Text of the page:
Designing Short Term Wave Traces to Assess Wave Power Devices

Pal Schmitt, Lucas Danisch, Paul Lamont-Kane, Bjoern Elsaesser

    Research output: Chapter in Book/Report/Conference proceedingConference contribution

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    In recent years modern numerical methods have been employed in the design of Wave Energy Converters (WECs), however the high computational costs associated with their use makes it prohibitive to undertake simulations involving statistically relevant numbers of wave cycles. Experimental tests in wave tanks could also be performed more efficiently and economically if short time traces, consisting of only a few wave cycles, could be used to evaluate the hydrodynamic characteristics of a particular device or design modification. Ideally, accurate estimations of device performance could be made utilizing results obtained from investigations with a relatively small number of wave cycles. However the difficulty here is that many WECs, such as the Oscillating Wave Surge Converter (OWSC), exhibit significant non-linearity in their response. Thus it is challenging to make accurate predictions of annual energy yield for a given spectral sea state using short duration realisations of that sea. This is because the non-linear device response to particular phase couplings of sinusoidal components within those time traces might influence the estimate of mean power capture obtained. As a result it is generally accepted that the most appropriate estimate of mean power capture for a sea state be obtained over many hundreds (or thousands) of wave cycles. This ensures that the potential influence of phase locking is negligible in comparison to the predictions made. In this paper, potential methods of providing reasonable estimates of relative variations in device performance using short duration sea states are introduced. The aim of the work is to establish the shortness of sea state required to provide statistically significant estimations of the mean power capture of a particular type of Wave Energy Converter. The results show that carefully selected wave traces can be used to reliably assess variations in power output due to changes in the hydrodynamic design or wave climate.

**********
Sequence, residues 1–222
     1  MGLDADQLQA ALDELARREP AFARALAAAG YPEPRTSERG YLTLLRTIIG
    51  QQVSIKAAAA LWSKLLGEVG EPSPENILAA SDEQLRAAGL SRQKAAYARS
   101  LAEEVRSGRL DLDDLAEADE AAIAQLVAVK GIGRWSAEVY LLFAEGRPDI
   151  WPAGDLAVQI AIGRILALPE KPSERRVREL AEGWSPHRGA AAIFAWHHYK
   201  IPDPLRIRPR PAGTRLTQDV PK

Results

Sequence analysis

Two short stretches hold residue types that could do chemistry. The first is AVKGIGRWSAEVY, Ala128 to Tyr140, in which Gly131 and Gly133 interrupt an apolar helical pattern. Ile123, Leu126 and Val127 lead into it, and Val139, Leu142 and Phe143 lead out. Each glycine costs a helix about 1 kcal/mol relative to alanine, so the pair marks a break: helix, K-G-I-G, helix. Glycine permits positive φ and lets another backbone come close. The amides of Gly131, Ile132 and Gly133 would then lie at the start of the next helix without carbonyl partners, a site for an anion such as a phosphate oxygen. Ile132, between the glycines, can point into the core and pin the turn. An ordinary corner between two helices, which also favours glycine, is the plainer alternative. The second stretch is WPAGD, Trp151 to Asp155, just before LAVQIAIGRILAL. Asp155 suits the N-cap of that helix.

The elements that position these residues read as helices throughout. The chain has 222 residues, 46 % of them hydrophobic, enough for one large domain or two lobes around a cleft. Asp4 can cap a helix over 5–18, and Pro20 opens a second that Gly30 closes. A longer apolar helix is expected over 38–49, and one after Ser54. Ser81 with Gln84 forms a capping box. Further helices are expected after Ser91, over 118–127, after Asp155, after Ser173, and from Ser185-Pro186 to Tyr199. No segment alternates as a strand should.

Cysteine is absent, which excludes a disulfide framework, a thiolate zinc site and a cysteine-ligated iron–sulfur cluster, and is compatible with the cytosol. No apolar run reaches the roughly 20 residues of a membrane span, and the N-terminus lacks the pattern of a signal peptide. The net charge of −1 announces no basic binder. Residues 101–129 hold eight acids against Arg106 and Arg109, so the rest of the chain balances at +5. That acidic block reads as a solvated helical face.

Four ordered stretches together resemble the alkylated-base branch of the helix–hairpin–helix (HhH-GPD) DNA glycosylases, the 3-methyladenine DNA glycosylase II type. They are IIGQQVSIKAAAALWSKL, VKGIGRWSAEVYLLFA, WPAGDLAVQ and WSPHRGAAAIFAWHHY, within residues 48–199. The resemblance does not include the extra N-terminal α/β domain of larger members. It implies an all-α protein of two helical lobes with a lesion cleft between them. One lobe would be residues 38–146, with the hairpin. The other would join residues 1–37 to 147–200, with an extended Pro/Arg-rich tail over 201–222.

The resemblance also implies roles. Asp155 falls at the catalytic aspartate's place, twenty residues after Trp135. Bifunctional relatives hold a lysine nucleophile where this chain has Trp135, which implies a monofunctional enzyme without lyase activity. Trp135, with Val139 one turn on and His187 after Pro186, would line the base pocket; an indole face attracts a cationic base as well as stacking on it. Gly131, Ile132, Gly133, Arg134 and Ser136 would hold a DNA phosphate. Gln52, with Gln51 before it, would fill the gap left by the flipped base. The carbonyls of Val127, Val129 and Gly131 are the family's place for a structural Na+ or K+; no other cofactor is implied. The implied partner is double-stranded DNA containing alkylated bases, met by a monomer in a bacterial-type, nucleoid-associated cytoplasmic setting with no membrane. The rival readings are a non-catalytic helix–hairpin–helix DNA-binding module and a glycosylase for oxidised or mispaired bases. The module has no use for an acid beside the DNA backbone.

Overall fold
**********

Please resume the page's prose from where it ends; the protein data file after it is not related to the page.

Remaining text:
Original languageEnglish
    Title of host publication The Proceedings of the 26th (2016) International Offshore and Polar Engineering Conference
    PublisherInternational Society of Offshore and Polar Engineers (ISOPE)
    Number of pages8
    ISBN (Print)978-1-880653-88-3
    Publication statusPublished - 26 Jun 2016
    EventThe 26th International Ocean and Polar Engineering Conference - Rodos Palace Hotel, Rhodes, Greece
    Duration: 26 Jun 201602 Jul 2016
    Conference number: 26


    ConferenceThe 26th International Ocean and Polar Engineering Conference
    Abbreviated titleISOPE2016
    Internet address


    • Sea State; Wave trace; Experimental tank testing; wave parameters; non-linear effects; statistics


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